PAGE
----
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Is the financialization of food and commodities over?

Morgan Stanley exit the oil tanker operations business in June 2019.

In 2011- 14 there was a feeling that financial players were cornering the market in food and commodities leading to a global rise in food prices. Subsequently the commodities regulator CFTC in the USA imposed position limits: a limit on how much one entity could hold in futures contracts. The limits applied for the current delivery month; and in the aggregate.

But not all ‘market cornering’ was based on financial contracts. Goldman Sachs owned warehouses where it actually stored physical aluminum. The New York Times ran an article that said you could not buy aluminum unless you had contracted it well in advance, so that anyone who needed aluminum immediately was going to have to pay a premium.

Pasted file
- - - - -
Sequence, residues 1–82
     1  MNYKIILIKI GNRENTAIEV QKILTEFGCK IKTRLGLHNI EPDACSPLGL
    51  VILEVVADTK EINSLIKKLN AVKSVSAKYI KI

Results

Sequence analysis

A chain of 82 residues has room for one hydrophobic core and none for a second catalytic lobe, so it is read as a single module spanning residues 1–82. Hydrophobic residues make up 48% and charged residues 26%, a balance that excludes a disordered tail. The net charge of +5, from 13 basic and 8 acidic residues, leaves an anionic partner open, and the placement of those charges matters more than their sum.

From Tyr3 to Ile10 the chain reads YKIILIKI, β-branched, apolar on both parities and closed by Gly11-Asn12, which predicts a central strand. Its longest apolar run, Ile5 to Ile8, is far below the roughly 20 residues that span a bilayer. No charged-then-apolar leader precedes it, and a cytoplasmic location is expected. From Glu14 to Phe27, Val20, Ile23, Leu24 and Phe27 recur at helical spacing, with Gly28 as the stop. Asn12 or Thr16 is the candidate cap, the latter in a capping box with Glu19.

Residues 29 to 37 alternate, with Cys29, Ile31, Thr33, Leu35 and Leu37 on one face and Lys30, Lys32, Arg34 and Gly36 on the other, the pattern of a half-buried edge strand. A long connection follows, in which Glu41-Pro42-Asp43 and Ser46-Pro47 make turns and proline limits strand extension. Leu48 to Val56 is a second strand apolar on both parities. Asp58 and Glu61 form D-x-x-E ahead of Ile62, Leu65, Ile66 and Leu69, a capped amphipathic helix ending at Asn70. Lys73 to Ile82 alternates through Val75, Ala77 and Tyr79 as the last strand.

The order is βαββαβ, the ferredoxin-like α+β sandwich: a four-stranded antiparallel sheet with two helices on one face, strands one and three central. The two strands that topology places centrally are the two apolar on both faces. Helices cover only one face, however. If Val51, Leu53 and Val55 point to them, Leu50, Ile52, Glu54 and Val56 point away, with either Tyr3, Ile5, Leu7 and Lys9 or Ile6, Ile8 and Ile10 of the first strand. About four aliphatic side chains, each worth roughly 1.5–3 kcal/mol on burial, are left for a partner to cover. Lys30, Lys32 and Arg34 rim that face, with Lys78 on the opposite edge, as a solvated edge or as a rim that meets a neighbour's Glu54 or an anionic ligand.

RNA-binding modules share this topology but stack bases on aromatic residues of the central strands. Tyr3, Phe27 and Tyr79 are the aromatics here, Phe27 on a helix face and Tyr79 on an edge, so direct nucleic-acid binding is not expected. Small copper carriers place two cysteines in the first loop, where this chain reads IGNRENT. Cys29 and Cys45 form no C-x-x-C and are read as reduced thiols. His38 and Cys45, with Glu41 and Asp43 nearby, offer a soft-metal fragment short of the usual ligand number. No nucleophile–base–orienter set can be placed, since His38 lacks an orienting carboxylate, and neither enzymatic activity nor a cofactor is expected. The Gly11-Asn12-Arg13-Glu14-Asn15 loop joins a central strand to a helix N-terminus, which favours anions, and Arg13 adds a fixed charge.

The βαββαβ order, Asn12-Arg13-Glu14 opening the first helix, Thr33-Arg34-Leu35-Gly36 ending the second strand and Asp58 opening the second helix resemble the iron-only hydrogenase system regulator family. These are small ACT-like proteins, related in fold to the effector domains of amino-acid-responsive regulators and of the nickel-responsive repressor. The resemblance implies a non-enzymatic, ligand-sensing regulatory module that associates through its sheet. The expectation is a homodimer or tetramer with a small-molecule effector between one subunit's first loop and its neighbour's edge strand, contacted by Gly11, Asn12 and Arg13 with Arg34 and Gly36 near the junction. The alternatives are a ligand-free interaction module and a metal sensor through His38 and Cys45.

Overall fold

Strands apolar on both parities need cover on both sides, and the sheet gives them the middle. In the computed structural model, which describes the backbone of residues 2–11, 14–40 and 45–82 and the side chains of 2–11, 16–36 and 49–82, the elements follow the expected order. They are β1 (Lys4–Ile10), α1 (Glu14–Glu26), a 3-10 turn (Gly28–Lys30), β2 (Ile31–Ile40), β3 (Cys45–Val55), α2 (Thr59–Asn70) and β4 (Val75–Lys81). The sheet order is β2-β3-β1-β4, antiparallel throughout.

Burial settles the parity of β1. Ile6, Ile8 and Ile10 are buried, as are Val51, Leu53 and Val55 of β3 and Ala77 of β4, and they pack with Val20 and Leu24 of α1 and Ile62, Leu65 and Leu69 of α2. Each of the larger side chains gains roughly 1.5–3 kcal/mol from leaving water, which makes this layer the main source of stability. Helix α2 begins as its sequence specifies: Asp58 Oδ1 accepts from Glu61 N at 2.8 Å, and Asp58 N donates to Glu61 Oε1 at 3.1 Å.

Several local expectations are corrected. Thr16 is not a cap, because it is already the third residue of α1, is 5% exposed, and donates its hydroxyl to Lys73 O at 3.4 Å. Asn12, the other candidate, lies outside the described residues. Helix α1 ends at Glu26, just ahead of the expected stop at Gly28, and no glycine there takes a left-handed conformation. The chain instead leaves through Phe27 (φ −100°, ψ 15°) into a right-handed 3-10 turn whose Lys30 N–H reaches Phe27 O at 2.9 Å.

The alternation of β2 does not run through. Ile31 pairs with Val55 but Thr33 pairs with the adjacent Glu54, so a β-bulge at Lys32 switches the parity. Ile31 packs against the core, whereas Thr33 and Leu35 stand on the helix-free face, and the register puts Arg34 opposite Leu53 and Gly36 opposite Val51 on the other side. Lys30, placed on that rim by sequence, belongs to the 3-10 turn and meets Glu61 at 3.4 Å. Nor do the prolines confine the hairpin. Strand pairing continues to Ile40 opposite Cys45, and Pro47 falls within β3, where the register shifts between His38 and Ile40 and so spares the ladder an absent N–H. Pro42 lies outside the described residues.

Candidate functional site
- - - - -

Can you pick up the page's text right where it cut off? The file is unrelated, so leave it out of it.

And then there is a not-so-sweet case where a commodity futures position became a warehousing operation. In 2010, it was revealed that the Amajaro hedge fund operating out of London had cornered over 10% of the world cocoa market. The Fund had cocoa futures positions. Instead of settling for the profits of its trade, it took physical delivery of over 240,000 tons of that addictive stuff. It was indicated at the time that the price of chocolates worldwide were bound to go up because of that operation.

That phase might sound like it is over with the more prominent exits of Goldman and Morgan Stanley.

However, the important point to note about Hedge Funds is: they do not follow regulations and social pressures as much as they follow profits. When profits of the scale they have enjoyed in the past return, they will be back too!

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